Comic Sans in its natural habitat
Vincent Connare’s oft-maligned typeface in the environment for which it was originally intended: small sizes without font smoothing.
I am very, very, far from being a fan of Comic Sans. Even when I see it in the context of informal or child-friendly designs, it still makes me cringe. However, the technical limitations of its original implementation are worth considering before one should damn it as a horrid creation.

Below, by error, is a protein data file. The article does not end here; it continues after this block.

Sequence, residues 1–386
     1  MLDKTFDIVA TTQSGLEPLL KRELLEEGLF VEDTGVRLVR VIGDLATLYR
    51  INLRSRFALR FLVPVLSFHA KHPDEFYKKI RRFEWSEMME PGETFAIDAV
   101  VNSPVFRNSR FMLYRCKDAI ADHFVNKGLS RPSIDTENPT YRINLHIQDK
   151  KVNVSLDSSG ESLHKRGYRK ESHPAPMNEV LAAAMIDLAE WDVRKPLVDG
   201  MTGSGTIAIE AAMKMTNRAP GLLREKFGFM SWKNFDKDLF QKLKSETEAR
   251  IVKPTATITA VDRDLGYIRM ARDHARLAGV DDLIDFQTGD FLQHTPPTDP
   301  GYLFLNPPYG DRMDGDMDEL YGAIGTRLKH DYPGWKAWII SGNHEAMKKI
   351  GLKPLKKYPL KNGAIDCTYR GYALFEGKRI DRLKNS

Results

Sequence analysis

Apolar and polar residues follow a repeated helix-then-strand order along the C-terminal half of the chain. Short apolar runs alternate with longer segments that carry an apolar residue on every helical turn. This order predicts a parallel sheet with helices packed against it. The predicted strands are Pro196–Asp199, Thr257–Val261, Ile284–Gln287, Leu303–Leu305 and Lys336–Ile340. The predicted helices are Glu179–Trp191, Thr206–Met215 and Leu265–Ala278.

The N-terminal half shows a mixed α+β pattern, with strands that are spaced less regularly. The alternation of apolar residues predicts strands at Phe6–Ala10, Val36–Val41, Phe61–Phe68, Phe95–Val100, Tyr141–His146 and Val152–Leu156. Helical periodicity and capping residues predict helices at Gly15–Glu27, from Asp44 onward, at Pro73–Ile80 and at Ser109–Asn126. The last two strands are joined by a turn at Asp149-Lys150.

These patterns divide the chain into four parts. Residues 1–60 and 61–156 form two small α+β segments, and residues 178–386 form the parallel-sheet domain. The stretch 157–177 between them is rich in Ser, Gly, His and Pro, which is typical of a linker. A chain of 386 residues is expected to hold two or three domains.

Note how the gross distortions in each letterform which make it such a hated design in today’s high-resolution environments are much more subdued when the resolution and bit-depth are as limited as they were originally. In fact, without such exaggerated wonkiness, the typeface would end up looking mostly like a plain old sans-serif design when the canvas for each glyph is only a handful of pure black-or-white pixels. It’s hard to imagine a casual comic-style typeface that is significantly more successful than Comic Sans when rendered at 9px without anti-aliasing.
Having said all that, I would still avoid Comic Sans like the plague in modern contexts.